LONDON: Eggs are actually 14 percent lower in cholesterol and 64 percent higher in vitamin D than previously thought, according to the findings of a study.
Researchers found that while protein content (6 grams) and calories (70) remained the same, the average amount of cholesterol in one large egg decreased from 212 mg to 185 mg, 14 percent lower than previously recorded in 2002. The study also revealed that large eggs now contain 41 IU of vitamin D, up 64 percent. How is this possible? Well, they're not quite sure, but some scientists theorize that it could be related to improvements in the quality of hens' feed over the past decade. "You are what you eat" isn't exclusive to humans.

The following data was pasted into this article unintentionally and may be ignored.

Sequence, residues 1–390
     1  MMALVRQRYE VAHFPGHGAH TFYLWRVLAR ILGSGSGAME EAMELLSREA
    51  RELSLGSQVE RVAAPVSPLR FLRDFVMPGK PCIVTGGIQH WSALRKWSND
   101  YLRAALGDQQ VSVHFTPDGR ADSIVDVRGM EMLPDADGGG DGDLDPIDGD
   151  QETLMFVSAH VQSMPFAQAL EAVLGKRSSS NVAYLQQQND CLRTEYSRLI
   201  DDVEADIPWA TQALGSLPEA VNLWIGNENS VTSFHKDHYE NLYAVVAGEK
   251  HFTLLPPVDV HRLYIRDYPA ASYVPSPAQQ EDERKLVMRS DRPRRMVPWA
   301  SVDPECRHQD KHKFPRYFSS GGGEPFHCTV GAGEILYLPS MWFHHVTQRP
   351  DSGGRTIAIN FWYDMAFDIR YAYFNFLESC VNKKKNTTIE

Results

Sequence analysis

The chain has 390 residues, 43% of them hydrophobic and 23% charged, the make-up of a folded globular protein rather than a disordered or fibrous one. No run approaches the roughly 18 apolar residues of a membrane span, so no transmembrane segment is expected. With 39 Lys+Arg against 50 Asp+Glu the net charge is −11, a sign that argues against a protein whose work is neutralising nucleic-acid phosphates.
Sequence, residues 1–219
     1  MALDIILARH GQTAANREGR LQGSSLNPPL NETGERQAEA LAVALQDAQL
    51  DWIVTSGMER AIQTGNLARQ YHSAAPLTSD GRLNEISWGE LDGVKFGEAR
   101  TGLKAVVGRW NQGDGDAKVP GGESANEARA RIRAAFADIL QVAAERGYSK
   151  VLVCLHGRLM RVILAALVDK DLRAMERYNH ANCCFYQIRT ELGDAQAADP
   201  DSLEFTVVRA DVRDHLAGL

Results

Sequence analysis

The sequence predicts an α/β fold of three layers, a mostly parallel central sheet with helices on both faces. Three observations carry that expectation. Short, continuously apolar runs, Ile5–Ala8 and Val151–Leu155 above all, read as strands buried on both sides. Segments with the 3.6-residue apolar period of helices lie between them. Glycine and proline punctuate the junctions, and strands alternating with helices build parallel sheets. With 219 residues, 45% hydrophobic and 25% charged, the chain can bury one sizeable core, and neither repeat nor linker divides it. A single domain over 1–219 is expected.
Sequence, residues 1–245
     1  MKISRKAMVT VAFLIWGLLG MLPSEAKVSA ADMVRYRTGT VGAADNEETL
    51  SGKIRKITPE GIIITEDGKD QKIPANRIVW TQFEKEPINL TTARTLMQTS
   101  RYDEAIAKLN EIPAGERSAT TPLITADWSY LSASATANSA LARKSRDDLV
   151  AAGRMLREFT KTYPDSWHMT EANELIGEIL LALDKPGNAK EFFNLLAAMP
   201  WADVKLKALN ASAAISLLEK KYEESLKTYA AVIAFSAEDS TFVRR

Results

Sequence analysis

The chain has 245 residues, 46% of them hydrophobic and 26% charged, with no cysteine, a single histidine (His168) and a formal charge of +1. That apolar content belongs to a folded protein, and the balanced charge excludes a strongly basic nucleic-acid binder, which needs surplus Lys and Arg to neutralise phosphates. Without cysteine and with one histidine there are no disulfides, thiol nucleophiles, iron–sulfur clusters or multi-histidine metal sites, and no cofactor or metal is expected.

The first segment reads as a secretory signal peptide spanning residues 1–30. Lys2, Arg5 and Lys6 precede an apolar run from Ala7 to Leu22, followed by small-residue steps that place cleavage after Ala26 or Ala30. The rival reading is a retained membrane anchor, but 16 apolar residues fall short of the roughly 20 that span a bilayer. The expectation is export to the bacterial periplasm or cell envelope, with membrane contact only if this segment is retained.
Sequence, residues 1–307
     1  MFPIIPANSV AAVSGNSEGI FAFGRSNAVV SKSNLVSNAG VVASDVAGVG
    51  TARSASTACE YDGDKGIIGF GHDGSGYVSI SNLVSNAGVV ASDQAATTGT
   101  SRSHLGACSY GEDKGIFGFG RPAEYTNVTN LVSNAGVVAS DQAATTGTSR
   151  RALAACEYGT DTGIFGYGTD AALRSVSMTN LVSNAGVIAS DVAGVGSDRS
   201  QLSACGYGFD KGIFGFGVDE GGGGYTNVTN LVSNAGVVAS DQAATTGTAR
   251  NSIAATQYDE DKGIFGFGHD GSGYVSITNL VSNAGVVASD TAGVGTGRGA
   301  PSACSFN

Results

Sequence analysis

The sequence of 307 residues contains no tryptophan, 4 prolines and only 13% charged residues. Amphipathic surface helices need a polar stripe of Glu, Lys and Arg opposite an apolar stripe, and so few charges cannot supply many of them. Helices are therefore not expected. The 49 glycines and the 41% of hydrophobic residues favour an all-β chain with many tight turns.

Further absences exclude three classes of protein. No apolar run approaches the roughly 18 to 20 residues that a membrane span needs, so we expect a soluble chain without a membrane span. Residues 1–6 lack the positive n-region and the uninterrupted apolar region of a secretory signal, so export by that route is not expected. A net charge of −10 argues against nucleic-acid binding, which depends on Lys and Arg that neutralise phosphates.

According to the American Egg Board, "Enjoying an egg a day can fall within current cholesterol guidelines, particularly if individuals opt for low-cholesterol foods throughout the day. The 2010 Dietary Guidelines for Americans suggest that eating one whole egg per day does not result in increased blood cholesterol levels and recommend that individuals consume, on average, less than 300 mg of cholesterol per day." Well, of course they're going to say that. They're the freaking egg board.
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